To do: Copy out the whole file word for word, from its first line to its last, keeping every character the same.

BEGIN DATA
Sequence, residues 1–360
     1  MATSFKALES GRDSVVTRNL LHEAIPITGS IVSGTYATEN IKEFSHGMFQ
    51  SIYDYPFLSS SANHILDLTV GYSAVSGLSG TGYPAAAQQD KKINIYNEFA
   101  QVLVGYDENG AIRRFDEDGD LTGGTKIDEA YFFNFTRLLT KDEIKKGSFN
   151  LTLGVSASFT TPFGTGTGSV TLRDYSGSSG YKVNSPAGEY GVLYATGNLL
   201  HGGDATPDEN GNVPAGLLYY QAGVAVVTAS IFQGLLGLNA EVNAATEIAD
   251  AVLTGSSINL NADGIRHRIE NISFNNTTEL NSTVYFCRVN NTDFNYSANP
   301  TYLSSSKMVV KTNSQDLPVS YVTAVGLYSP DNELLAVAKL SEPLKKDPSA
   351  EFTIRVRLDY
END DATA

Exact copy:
Sequence, residues 1–360
     1  MATSFKALES GRDSVVTRNL LHEAIPITGS IVSGTYATEN IKEFSHGMFQ
    51  SIYDYPFLSS SANHILDLTV GYSAVSGLSG TGYPAAAQQD KKINIYNEFA
   101  QVLVGYDENG AIRRFDEDGD LTGGTKIDEA YFFNFTRLLT KDEIKKGSFN
   151  LTLGVSASFT TPFGTGTGSV TLRDYSGSSG YKVNSPAGEY GVLYATGNLL
   201  HGGDATPDEN GNVPAGLLYY QAGVAVVTAS IFQGLLGLNA EVNAATEIAD
   251  AVLTGSSINL NADGIRHRIE NISFNNTTEL NSTVYFCRVN NTDFNYSANP
   301  TYLSSSKMVV KTNSQDLPVS YVTAVGLYSP DNELLAVAKL SEPLKKDPSA
   351  EFTIRVRLDY